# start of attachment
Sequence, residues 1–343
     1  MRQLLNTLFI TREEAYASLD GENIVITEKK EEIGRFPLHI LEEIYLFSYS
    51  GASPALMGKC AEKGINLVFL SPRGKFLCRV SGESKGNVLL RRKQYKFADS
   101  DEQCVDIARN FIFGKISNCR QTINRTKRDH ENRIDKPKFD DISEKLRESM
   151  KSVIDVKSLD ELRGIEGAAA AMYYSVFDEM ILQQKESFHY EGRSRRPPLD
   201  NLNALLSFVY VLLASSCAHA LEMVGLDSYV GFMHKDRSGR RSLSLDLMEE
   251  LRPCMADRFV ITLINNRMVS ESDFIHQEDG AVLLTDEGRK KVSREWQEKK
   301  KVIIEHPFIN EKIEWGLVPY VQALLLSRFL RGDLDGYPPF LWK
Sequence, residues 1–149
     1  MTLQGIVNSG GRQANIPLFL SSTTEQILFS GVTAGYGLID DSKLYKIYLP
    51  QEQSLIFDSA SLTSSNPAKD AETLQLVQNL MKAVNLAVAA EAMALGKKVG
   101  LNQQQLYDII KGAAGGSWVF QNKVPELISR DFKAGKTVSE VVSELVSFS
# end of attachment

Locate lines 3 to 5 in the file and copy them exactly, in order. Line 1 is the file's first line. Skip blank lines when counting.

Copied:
    51  GASPALMGKC AEKGINLVFL SPRGKFLCRV SGESKGNVLL RRKQYKFADS
   101  DEQCVDIARN FIFGKISNCR QTINRTKRDH ENRIDKPKFD DISEKLRESM
   151  KSVIDVKSLD ELRGIEGAAA AMYYSVFDEM ILQQKESFHY EGRSRRPPLD